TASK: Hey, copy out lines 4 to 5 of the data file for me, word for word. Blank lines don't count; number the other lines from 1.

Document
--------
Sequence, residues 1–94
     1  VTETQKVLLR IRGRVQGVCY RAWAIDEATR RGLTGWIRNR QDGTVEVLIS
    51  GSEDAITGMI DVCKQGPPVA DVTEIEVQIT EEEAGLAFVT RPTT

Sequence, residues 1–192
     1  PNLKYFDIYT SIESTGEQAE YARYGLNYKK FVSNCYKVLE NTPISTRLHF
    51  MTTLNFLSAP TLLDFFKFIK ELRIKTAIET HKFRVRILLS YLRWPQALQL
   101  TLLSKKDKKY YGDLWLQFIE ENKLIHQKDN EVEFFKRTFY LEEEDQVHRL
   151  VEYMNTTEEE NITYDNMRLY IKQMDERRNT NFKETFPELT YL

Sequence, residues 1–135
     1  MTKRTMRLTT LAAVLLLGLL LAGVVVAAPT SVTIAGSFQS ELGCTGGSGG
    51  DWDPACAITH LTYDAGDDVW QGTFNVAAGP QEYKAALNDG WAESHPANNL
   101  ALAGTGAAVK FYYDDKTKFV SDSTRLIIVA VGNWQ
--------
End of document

Sequence, residues 1–192
     1  PNLKYFDIYT SIESTGEQAE YARYGLNYKK FVSNCYKVLE NTPISTRLHF